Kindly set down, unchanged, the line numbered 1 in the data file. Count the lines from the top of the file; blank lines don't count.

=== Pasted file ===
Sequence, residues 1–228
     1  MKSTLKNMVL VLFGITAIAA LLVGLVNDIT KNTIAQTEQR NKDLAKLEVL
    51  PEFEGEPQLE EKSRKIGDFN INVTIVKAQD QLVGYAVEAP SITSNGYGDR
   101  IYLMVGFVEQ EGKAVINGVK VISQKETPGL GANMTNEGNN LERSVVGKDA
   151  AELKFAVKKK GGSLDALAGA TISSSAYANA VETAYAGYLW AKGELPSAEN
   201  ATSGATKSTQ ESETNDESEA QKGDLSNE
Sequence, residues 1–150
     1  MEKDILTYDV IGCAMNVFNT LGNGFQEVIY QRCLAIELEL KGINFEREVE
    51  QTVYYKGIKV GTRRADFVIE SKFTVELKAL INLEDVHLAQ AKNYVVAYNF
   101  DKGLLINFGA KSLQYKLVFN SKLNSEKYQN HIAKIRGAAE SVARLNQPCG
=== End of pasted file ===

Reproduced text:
Sequence, residues 1–228